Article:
ad info

 
CNN.com Allpoliticsallpolitics.comwith TIME
CNN.com EUROPE:
 
 
 

Search


Search tips
POLITICS
TOP STORIES

Bush unveiling religious-based charity plan

Bush and family attend largely black church

Bush appears to make encouraging first impression

Bush Cabinet will meet over California power crisis

Former first lady says Reagans repaid Bel Air home with interest

Lockhart defends Clintons as GOP criticizes gifts, pardons, pranks

(MORE)

TOP STORIES

Indian PM witnesses quake devastation

EU considers tighter BSE controls

Alpine tunnel tops summit agenda

Bill Gates to address Davos

(MORE)

 MARKETS    1613 GMT, 12/28
5217.4
-25.00
5160.1
+42.97
4624.58
+33.42

 
SPORTS

(MORE)

 All Scoreboards
WEATHER
European Forecast

 Or choose another Region:
EUROPE

WORLD

TECHNOLOGY

ENTERTAINMENT

  IN OTHER NEWS

U.S.

HEALTH

TRAVEL



(MORE HEADLINES)
EDITIONS:
CNN.com U.S.:
*

LOCAL LANGUAGES:


MULTIMEDIA:

CNN WEB SITES:

CNN NETWORKS:
CNN International

TIME INC. SITES:

SITE INFO:

WEB SERVICES:

Brooks Jackson: A presidential debate fact check

WASHINGTON (CNN) -- Democrat Al Gore and Republican George W. Bush used facts as weapons during their first presidential debate Tuesday night in Boston, often leaving viewers to wonder just who was telling the truth.

They argued over whether one Wisconsin couple making $25,000 a year would be covered under Bush's prescription drug plan for Medicare beneficiaries.

Gore and Bush
Throughout their first head-to-head debate, Vice President Al Gore and Texas Gov. George W. Bush often used facts and figures more to confuse than to inform  

"Under my plan half of their costs would be paid right away," Gore said. "Under governor Bush's plan, they would not get one penny for four to five years."

"I cannot let this go by -- the old-style Washington politics, 'We're going to scare you in the voting booth,'" Bush responded. "Under my plan the man will get immediate help with prescription drugs. It's called Immediate Helping Hand," he said of his proposal.

"Can I make another point?" Gore insisted over Bush's objections. "They get $25,000 a year income. That makes them ineligible."

The fact is, Bush's plan would subsidize premiums for prescription drug premiums only for low-income persons in the first years, just as Gore said. It would phase out completely for couples at about $20,000 a year.

Bush's plan does call for immediate catastrophic coverage for seniors at all income levels, paying all prescription expenses over $6,000 per year. So Gore's $25,000 couple would be covered -- sort of.

Throughout the evening, Bush accused Gore of fudging the numbers: "I'm beginning to think that not only did he invent the Internet, but he invented the calculator. It's fuzzy math."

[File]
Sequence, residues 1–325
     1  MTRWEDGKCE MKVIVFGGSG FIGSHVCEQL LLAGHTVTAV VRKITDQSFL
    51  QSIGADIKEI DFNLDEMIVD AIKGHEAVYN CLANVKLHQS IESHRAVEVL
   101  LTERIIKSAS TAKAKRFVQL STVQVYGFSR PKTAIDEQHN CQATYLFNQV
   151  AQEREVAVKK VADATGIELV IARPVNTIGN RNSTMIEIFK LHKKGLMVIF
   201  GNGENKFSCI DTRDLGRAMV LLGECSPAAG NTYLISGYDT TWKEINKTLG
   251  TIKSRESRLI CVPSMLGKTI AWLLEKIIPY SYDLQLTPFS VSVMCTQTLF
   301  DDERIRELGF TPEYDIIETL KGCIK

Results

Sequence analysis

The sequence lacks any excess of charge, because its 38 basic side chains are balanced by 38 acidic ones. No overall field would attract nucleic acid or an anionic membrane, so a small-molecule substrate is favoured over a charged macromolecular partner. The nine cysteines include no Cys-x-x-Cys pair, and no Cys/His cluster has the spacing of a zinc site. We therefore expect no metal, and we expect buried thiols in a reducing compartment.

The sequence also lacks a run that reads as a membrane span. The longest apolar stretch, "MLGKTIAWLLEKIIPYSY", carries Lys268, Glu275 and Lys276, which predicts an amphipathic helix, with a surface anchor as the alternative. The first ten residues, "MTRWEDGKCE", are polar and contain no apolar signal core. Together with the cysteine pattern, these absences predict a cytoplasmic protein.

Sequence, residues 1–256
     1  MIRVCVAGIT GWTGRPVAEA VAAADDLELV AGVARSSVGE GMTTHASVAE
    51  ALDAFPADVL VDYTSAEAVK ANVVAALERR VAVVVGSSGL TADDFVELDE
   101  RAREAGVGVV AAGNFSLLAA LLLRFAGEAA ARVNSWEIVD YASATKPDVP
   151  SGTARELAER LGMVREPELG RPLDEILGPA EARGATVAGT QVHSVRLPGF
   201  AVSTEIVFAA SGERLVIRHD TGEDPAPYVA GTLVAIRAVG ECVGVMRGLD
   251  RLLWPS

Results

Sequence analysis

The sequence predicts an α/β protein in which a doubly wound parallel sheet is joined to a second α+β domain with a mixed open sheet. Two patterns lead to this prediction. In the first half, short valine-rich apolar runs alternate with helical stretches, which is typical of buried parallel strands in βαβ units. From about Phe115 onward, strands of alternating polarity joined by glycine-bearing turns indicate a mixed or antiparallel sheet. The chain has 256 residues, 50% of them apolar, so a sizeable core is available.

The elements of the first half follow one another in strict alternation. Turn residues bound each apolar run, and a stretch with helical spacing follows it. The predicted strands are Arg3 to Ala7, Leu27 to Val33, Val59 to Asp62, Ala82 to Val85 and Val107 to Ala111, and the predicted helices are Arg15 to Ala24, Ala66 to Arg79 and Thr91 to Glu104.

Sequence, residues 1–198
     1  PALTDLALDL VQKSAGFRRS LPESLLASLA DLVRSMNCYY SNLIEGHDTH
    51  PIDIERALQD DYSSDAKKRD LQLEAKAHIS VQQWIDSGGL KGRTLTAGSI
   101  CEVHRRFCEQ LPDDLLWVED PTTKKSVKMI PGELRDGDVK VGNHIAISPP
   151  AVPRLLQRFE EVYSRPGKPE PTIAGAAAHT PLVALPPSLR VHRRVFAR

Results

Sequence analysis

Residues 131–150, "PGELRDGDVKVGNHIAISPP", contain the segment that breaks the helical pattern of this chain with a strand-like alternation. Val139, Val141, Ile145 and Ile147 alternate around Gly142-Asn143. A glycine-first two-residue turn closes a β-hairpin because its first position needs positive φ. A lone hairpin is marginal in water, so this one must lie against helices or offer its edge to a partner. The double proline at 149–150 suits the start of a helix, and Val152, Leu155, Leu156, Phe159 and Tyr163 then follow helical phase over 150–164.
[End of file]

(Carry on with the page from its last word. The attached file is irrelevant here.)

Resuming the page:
Gore, meanwhile, continued to hammer at Bush's tax plan: "Almost half of all the tax cut benefits as I've said under Governor Bush's tax cut plan go to the wealthiest one percent. I think we have to make the right, responsible choices."

"Well, the man is practicing fuzzy math again," Bush offered by way of rebuttal. "The facts are, after my plan the wealthiest Americans pay more taxes than the percentage of the whole than they do today."

Is that a fact? Well, the bipartisan Joint Tax Committee of Congress analyzed Bush's tax plan and said that after it was mostly phased in, in 2005, persons making over $200,000 a year would be paying 27.4 percent of federal income taxes, exactly the same share as under current law.

By that measure, Bush is wrong.

The same bipartisan analysis showed persons making over $100,000 a year would get 51 percent of the money under Bush's tax cut plan.

Throughout the 90-minute debate, both candidates often used facts and figures more to confuse than to inform. As always, voters would do well to check the facts.

 
EUROPE'S VIEW
Where do Bush and Gore stand on issues of importance to Europe? Launch our Interactive Guide.

POLLS
View the latest tracking poll or dig into our poll archives.

WHAT'S AT STAKE

VIDEO
Watch selected policy speeches and campaign commercials from the major presidential candidates.

WHERE THEY STAND
See where George W. Bush and Al Gore stand on the major issues.

THE STATES
Who are your elected officials? What is the past presidential vote and number of electoral votes in your state? What are the presidential primary results and exit polls? Find out with these state political and election facts.

ELECTION GUIDE
Get Election 2000 zip code searchable candidate biographies and other material for races for governor, Senate and House in our Election Guide.

FOLLOW THE MONEY
How much money have the candidates raised? Here are their quarterly reports to the Federal Election Commission.

RACES
If you need to know who's up in 2000 and what seats are open, launch this quick guide.

WEB WHITE AND BLUE
Allpolitics.com is a partner in the Web White and Blue rolling cyber-debate, a daily online exchange among the major presidential candidates. Look for twice-daily updates Sunday through Friday until election day.


MORE STORIES:

Wednesday, October 4, 2000


 Search   

Back to the top  © 2001 Cable News Network. All Rights Reserved.
Terms under which this service is provided to you.
Read our privacy guidelines.